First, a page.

While applauding the "hard work, perseverance, resiliency, and dedication" of those who work in schools, he said in the letter that he could "feel the high levels of anxiety throughout our organization." He attributed that anxiety, in part, to the attempts to implement several new statewide initiatives this year.
Toward the end of the letter, he wrote:
"As we continue along our instructional digital conversion and build our curriculum in a digital platform, we have a responsibility to supply each of you with the tools and resources needed to be successful. That is our responsibility and one that we intend to meet.
"To that point, I must personally take sole responsibility for the issues and mistakes evident in our Elementary English/Language Arts Unit 1 curriculum that we implemented this school year. I have never believed in excuses, and this instance is no exception. To our elementary administrators and teachers, I want to personally thank you for your patience and flexibility as we develop future units."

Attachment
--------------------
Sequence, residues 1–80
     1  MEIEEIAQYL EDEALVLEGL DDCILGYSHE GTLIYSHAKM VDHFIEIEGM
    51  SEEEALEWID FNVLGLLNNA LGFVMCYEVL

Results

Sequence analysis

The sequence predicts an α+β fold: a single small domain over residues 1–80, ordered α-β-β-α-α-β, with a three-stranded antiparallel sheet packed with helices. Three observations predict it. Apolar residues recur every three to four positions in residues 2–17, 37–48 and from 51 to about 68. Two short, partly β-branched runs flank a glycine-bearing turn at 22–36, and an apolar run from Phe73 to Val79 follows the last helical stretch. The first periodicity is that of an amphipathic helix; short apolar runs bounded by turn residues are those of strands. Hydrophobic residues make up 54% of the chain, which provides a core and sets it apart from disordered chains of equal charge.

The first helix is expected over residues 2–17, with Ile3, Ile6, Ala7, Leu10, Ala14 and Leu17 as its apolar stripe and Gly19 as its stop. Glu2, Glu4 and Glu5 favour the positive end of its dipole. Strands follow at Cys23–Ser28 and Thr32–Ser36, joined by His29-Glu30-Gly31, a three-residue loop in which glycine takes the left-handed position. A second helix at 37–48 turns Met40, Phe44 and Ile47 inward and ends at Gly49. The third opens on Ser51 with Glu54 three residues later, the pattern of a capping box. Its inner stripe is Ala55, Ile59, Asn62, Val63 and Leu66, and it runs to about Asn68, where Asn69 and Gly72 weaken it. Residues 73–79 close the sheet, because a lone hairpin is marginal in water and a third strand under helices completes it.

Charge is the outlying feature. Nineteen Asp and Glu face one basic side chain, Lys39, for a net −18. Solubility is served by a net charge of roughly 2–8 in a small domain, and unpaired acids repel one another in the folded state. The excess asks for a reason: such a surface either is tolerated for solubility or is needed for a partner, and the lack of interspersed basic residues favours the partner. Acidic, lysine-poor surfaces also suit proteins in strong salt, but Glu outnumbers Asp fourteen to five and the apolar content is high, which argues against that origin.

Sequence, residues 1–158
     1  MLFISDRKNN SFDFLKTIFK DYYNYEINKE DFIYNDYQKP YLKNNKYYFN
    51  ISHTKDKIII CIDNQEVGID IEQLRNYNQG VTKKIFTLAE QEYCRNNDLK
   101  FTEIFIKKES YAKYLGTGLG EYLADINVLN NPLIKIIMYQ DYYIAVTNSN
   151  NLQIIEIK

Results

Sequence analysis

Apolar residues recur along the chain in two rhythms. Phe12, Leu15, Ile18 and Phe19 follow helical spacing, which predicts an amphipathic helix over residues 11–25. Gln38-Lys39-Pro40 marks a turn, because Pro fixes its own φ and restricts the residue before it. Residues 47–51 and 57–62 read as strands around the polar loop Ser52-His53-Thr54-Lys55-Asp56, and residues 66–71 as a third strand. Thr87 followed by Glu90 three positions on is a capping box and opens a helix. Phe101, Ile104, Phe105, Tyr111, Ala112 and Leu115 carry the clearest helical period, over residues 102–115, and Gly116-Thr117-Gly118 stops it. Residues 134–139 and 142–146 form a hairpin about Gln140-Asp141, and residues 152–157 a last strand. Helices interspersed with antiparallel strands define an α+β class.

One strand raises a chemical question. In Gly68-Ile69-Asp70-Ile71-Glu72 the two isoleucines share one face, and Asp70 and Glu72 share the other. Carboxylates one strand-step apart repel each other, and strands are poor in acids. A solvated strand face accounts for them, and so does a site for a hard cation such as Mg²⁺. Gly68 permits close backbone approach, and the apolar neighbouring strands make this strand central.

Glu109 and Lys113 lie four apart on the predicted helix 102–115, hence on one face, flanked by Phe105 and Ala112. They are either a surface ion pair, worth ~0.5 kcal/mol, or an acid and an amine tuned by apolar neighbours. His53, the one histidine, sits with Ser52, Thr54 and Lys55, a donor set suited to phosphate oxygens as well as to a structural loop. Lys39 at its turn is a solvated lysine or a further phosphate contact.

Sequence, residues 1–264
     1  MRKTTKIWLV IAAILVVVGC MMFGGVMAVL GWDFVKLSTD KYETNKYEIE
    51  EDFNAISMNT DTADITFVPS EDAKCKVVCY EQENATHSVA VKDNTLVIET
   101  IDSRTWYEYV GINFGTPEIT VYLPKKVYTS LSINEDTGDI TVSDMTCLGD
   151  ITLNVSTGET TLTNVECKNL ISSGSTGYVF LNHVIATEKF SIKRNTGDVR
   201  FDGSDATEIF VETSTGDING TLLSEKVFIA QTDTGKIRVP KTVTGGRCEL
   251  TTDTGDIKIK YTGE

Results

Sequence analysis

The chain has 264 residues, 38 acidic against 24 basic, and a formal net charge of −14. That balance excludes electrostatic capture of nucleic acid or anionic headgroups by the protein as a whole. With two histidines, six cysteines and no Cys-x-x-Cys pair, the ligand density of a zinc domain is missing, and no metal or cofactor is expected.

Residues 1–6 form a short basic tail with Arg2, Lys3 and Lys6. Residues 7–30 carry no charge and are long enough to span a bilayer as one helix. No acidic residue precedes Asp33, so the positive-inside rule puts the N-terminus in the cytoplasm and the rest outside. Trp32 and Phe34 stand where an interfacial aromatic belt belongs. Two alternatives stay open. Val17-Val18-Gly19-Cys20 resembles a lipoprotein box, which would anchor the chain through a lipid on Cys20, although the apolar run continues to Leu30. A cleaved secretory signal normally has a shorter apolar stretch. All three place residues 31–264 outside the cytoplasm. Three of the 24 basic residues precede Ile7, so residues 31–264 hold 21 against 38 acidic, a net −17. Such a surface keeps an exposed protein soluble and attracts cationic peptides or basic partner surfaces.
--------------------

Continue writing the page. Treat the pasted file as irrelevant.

County officials said last month that they are working to correct the problems. The school system has been delivering printed versions of the curriculum to schools until computer access is improved, probably by the end of October.